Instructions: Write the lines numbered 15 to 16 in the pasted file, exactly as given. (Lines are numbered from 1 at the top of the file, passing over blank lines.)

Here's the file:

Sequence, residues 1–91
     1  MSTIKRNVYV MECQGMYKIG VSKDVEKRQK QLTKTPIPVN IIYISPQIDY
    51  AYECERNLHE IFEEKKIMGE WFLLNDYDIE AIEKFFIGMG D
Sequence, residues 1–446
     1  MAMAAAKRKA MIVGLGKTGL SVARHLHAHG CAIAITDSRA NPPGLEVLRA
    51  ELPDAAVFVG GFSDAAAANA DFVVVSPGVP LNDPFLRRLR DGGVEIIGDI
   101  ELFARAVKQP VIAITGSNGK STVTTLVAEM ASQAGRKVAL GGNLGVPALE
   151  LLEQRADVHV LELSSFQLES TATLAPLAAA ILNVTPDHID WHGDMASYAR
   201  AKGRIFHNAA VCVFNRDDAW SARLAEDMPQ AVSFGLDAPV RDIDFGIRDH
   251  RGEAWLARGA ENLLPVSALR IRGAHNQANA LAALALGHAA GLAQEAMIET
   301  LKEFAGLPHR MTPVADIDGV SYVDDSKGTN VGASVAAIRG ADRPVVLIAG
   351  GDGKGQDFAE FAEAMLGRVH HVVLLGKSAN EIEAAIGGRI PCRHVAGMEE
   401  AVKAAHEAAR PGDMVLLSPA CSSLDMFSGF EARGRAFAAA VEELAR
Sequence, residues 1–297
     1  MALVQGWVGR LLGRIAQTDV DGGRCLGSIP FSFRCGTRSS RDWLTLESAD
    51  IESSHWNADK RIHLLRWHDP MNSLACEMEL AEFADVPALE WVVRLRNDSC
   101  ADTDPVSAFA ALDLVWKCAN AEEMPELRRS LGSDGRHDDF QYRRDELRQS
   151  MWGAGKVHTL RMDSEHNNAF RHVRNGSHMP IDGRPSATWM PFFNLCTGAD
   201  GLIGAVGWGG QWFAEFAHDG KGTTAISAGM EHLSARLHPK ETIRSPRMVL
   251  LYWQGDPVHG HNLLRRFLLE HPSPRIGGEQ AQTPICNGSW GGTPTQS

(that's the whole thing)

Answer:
     1  MALVQGWVGR LLGRIAQTDV DGGRCLGSIP FSFRCGTRSS RDWLTLESAD
    51  IESSHWNADK RIHLLRWHDP MNSLACEMEL AEFADVPALE WVVRLRNDSC